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Black Rock Light


The lighthouse at Black Rock Point to our southeast.
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Range Markers


Range markers where the channel narrows between Noir and Carey points. When the two towers are lined up, as they are in this picture, a boat is on the correct course. If the bottom tower is to the left of the top one, a boat is off course to starboard, and if the bottom tower is right of the top tower, a boat is off course to port. The channel buoys now are smaller inland-sized markers.
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We’d not seen much current so far and were thinking that we might have been overly cautious in our planned arrival time. But as we neared the constricted section our speed picked up three knots to nearly ten knots with visible laminar flow on the water surface. The waters beyond were a little rougher with small wavelets, then the current dissipated as the waterway widened.
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Fishboats moored at a small marina along the south shore.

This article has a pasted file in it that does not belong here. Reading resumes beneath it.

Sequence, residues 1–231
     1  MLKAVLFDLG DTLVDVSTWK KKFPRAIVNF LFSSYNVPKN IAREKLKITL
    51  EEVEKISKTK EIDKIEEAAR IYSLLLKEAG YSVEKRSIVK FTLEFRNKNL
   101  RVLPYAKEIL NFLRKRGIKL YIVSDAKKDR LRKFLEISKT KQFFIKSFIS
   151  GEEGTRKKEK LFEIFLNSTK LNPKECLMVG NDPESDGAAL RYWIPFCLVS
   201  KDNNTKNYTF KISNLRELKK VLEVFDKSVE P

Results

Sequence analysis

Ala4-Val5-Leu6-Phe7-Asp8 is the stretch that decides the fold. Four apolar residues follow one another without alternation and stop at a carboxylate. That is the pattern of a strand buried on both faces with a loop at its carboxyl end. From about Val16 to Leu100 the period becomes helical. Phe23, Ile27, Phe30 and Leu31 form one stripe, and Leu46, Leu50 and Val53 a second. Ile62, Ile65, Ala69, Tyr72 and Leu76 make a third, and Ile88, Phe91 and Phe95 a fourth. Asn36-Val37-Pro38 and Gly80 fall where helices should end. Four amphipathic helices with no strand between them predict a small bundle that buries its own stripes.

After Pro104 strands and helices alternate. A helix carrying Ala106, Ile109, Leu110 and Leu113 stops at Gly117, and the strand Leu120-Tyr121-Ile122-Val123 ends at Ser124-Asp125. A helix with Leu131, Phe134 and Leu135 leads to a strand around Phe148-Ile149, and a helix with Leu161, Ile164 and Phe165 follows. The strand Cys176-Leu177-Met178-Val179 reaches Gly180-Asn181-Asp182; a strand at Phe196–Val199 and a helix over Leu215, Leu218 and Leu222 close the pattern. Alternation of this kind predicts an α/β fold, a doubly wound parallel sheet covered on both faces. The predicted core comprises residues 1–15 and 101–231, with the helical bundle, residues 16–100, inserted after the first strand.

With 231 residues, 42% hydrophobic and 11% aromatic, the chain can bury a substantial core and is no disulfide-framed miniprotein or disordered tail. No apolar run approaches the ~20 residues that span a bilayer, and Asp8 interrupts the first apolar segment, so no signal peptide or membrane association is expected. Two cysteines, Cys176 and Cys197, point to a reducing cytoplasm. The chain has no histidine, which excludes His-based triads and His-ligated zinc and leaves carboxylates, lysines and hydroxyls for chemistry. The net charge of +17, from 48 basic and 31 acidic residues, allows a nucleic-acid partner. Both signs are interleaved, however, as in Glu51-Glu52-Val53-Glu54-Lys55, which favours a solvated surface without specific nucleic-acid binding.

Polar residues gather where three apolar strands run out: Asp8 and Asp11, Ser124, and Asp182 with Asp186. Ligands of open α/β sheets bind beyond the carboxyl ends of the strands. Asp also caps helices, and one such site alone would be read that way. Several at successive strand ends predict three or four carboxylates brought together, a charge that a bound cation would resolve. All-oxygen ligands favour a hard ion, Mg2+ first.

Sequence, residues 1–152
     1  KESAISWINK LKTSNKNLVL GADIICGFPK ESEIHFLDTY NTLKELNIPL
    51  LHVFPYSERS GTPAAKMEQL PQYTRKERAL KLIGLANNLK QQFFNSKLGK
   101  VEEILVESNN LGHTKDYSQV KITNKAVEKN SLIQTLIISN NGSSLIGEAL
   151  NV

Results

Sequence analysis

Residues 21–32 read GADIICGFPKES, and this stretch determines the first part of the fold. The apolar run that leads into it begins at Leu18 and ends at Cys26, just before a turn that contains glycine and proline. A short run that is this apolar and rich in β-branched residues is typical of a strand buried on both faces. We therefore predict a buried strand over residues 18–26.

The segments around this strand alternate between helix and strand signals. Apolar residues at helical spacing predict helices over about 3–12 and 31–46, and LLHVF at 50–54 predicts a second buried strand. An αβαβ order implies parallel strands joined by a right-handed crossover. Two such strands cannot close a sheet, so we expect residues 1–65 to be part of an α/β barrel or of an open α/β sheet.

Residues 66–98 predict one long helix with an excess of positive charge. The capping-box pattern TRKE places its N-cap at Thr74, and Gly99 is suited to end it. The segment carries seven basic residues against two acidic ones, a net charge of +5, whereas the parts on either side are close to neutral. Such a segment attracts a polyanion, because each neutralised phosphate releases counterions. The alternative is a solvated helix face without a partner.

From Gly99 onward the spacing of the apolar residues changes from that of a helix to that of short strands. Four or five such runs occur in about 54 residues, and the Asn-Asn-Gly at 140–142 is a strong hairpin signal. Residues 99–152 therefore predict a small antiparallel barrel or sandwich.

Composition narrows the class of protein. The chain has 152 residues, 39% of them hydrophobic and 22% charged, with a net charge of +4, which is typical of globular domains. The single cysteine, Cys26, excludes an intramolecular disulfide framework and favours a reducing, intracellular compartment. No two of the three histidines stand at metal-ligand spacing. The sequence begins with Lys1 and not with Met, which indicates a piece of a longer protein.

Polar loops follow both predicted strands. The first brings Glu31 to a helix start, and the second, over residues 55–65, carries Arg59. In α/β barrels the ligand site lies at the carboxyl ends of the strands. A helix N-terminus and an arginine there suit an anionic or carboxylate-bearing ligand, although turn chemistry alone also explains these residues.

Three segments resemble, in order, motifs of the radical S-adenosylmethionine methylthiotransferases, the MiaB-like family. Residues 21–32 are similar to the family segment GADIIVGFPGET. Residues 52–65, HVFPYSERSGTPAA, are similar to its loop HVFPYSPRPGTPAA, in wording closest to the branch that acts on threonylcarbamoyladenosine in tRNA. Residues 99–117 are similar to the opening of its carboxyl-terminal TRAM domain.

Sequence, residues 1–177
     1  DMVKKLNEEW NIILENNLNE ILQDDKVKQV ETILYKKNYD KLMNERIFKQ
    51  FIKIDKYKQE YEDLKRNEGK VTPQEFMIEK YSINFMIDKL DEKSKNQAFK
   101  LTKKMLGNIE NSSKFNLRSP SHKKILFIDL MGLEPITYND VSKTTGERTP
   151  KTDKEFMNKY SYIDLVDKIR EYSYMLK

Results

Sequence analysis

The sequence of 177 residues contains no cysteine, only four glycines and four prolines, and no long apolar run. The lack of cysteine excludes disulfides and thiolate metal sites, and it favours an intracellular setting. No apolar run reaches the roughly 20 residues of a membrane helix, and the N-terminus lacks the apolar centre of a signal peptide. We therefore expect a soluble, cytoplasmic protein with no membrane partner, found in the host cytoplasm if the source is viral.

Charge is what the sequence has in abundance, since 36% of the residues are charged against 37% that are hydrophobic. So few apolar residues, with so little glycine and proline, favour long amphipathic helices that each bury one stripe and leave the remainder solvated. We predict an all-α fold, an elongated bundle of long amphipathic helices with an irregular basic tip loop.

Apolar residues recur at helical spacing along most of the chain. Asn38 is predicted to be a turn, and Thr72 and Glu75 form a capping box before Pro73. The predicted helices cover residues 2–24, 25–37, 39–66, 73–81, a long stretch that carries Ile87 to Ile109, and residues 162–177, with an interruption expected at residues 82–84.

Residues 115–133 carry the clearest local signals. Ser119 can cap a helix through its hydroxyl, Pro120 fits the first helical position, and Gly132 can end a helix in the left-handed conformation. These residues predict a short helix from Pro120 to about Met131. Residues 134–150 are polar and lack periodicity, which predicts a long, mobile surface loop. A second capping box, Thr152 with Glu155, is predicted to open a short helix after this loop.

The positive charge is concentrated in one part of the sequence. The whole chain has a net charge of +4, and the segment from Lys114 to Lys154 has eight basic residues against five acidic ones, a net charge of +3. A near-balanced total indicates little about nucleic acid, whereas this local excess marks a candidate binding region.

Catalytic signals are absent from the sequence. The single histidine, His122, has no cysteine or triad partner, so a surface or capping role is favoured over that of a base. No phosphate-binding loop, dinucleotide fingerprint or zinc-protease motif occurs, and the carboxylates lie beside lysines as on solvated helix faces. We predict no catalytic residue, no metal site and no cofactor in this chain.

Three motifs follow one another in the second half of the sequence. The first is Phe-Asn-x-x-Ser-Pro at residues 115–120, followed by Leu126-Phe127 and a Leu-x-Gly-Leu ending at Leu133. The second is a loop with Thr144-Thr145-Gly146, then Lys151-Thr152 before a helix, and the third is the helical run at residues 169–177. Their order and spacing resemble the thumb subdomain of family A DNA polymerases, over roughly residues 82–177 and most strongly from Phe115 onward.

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Seal Island Bridge


Approaching the Seal Island Bridge with rain falling as we continue south through Great Bras d’Or.
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Night Winds


Night Winds is the first power boat pleasure-craft we’ve seen underway since leaving the Boston area.


Show locations on map Click the travel log icon on the left to see these locations on a map, with the complete log of our cruise.

On the map page, clicking on a camera or text icon will display a picture and/or log entry for that location, and clicking on the smaller icons along the route will display latitude, longitude and other navigation data for that location. And a live map of our current route and most recent log entries always is available at